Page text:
Relational databases are built to store and access data efficiently and the design of a database has a huge impact on its performance.
The purpose of normalization is to maximize the efficiency of a database.
Consider a database where all the data is stored in a single table.
This table tracks information relating to
a merchants orders, and
contains all of a customer's information and
all of the item's information in every record.
This type of design has several drawbacks:
More than one entity is represented in the table.
In this case, the table represents Customers, Orders, and OrderItems.
The table contains redundant data. Every time a customer places an order, their contact information
(Name, Address, and Phone) is needlessly repeated.
Any query requires the RDBMS to search the entire table.
To find every unique customer in the database, one would need to search every line.
There is no location set aside to store data about Customers and only Customers.
Updating information, such as customer names, requires the RDBMS to change multiple rows. If D.
Loge moved from Washington to
Seattle, the RDBMS would need to update every row containing his information.
Deleting a customers only order also removes all contact information for that customer. If D.
Loge cancelled the only two orders he placed, no record of him as a potential customer would remain in the database.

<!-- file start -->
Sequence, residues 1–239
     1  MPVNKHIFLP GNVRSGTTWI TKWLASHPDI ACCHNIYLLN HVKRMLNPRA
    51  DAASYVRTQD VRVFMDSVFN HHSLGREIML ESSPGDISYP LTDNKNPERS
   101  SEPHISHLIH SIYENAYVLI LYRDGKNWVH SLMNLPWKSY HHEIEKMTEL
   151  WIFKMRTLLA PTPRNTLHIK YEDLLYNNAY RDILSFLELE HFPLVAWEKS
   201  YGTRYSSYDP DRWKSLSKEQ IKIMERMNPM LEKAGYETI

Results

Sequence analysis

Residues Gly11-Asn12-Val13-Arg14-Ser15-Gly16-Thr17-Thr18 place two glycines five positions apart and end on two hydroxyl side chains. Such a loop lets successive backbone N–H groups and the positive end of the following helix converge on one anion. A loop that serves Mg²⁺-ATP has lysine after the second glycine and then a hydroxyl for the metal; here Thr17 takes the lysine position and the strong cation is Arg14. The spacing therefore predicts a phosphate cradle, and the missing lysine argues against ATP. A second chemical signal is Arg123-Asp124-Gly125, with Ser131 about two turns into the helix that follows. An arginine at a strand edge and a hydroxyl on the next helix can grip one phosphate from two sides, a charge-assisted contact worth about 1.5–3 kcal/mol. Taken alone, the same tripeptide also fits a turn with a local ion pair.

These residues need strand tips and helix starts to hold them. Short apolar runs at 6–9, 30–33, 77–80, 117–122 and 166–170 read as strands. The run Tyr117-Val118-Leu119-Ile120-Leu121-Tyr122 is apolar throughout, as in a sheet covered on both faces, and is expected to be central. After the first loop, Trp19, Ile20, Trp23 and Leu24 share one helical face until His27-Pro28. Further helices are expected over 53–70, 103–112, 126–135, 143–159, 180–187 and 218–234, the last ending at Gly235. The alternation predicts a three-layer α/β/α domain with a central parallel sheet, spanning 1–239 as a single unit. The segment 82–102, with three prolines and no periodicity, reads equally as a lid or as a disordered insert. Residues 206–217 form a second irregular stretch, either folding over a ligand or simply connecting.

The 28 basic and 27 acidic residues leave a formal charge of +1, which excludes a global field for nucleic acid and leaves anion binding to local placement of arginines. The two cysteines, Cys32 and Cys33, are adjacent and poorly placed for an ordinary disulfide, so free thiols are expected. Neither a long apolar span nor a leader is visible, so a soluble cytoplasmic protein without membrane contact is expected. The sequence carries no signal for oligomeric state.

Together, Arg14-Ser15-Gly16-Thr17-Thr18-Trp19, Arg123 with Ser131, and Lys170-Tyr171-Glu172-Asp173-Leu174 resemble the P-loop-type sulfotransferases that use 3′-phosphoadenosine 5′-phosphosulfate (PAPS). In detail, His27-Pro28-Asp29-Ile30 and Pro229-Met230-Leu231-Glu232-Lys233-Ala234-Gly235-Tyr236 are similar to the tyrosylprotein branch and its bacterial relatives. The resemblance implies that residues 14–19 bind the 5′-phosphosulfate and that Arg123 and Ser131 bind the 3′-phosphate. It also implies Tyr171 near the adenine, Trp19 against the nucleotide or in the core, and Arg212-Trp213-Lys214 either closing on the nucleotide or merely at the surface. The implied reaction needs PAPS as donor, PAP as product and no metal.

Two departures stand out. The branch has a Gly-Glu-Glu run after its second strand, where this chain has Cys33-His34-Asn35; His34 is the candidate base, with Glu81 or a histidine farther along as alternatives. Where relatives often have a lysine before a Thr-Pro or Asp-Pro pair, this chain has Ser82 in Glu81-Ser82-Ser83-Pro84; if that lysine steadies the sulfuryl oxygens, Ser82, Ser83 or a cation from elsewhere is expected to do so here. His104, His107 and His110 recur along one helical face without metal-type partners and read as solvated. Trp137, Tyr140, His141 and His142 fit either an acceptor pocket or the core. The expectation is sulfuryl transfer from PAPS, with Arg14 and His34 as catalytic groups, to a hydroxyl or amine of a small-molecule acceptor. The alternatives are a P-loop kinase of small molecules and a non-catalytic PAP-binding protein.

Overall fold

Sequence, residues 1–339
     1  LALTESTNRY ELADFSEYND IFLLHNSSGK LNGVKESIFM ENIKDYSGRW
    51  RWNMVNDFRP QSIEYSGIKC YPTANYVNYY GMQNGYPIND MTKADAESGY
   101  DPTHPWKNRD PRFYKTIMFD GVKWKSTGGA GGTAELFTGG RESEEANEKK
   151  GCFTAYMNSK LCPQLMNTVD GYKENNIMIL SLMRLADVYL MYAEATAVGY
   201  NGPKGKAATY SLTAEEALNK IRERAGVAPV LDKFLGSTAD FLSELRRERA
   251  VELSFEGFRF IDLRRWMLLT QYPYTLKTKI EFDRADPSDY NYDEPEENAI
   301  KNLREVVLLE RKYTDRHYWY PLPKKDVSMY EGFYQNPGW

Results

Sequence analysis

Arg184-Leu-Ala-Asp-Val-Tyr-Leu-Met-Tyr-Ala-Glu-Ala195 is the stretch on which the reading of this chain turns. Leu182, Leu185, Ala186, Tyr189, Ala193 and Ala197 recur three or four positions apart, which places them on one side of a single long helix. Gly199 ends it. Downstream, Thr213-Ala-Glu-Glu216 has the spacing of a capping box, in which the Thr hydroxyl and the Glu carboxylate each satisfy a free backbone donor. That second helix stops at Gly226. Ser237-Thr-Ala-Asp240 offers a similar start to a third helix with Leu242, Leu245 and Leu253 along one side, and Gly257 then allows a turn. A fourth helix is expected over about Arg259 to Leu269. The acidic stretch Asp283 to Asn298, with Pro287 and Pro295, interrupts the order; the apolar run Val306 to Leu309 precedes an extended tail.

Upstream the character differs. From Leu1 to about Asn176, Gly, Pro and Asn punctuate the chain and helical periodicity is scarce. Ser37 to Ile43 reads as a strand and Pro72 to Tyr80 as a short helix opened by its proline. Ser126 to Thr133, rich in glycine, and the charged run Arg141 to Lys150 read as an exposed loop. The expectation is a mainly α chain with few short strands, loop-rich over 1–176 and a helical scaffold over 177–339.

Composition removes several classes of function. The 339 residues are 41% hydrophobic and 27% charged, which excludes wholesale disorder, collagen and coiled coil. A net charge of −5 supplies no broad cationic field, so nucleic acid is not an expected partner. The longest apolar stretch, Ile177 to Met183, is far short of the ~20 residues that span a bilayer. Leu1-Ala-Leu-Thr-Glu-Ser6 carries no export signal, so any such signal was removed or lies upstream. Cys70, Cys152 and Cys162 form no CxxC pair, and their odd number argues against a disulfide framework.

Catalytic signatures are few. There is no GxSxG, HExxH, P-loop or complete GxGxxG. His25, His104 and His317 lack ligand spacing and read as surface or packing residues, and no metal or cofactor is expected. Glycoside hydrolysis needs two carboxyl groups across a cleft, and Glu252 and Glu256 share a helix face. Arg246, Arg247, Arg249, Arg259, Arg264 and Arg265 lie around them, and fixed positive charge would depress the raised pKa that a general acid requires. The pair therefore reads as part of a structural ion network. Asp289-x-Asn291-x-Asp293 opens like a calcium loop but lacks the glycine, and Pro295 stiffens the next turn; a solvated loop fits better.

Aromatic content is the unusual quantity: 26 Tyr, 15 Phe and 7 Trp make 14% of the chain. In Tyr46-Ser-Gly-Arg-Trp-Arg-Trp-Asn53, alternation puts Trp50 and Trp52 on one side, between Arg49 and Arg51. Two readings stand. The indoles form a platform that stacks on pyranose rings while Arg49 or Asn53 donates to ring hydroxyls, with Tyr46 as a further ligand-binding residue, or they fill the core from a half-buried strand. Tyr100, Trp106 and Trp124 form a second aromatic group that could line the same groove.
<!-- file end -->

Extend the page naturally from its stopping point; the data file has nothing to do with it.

Tables that conform to the rules of normalization are said to be in one of several normal forms, depending on which rules the table adheres to.
In this module and the next we will concentrate on the first, second, and third normal forms.
There is a logical progression from one normal form to the next, so it is possible to resolve basic design flaws before tackling potentially more difficult problems.
This means that a table in a normal form is automatically in all lower normal forms.
That is, a table in second normal form is automatically in first normal form.
The next lesson describes first normal form and provides instructions for producing a table in first normal form.
normal forms: (Entered in the database under normal form.) A set of theoretical rules for the design of database tables.
Before you move on to the next lesson, click the quiz link below to reinforce your understanding of normalization.
Normalization Process - Quiz